The buzz of robotic helicopters is joining the cacophony of animal calls in Australia's rainforests as biosecurity officers step up the war against harmful weeds.
Two Project ResQu unmanned helicopters developed by the CSIRO have completed trial flights in the Daintree near Cairns, locating weeds like the dreaded "purple plague", Miconia calvescens.
The helicopters, used by Biosecurity Queensland, find the weeds using sophisticated imaging technology in the difficult terrain.
CSIRO Biosecurity Flagship Science Director Gary Fitt says access to dense rainforest is difficult for people, but easy for weeds, which get carried in by animals or blown in from gardens or farms.
"Miconia is among the worst of a number of weeds that pose a significant threat to Australia's precious rainforest remnants," Dr Fitt said.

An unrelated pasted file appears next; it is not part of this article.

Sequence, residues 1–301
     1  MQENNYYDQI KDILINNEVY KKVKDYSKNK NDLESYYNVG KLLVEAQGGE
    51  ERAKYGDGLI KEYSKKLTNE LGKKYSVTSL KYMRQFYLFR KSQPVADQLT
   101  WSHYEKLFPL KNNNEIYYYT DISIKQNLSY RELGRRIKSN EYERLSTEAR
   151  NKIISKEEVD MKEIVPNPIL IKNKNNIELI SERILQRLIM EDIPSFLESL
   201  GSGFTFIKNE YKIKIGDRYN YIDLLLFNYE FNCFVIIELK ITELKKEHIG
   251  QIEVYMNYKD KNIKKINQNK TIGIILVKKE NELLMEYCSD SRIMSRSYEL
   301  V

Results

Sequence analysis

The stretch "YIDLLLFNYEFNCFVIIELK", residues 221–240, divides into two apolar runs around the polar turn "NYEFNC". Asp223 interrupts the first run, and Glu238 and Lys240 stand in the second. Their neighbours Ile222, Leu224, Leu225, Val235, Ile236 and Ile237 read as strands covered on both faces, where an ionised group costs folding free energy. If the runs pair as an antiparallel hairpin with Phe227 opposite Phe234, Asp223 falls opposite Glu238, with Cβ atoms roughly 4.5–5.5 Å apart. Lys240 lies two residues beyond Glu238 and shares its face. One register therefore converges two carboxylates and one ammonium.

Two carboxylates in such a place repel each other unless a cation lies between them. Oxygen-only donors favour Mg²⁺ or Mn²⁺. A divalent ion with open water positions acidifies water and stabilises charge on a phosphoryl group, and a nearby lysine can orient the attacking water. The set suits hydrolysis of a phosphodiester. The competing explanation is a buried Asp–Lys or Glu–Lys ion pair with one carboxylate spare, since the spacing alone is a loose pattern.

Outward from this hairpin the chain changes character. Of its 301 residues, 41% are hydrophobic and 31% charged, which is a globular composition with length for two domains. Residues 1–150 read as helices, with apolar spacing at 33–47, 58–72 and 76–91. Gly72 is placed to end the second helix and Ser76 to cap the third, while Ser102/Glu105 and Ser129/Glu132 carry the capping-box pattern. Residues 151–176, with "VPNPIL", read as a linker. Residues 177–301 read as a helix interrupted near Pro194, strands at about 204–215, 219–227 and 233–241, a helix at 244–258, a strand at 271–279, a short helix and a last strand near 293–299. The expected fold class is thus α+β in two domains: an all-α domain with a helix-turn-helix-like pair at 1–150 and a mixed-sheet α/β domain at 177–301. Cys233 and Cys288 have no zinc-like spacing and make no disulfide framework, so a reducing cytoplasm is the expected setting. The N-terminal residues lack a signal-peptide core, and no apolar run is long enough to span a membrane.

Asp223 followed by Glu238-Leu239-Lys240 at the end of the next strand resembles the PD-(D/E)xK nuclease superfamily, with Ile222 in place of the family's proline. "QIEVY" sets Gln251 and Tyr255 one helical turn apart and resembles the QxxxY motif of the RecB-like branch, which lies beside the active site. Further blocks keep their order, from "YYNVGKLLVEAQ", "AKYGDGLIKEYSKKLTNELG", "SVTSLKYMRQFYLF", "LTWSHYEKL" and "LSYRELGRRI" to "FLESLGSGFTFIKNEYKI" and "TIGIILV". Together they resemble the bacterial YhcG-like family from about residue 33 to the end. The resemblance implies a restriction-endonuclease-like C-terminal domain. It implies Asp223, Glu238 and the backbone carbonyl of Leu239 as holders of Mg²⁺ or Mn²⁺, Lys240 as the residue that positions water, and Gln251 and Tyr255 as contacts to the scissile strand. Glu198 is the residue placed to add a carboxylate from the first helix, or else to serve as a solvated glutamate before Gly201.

"Unless detected and eradicated early, they can cause irreversible damage to our native plant and animal populations.
"In the biosecurity space effective surveillance is critical - we need to be able to detect incursions quickly and accurately.
"Technologies like the autonomous helicopter or other autonomous platforms provide us with another tool in the fight against these biological invasions."
The helicopters are small enough to fit in the back of a van, are easy to operate and have built in failsafe mechanisms.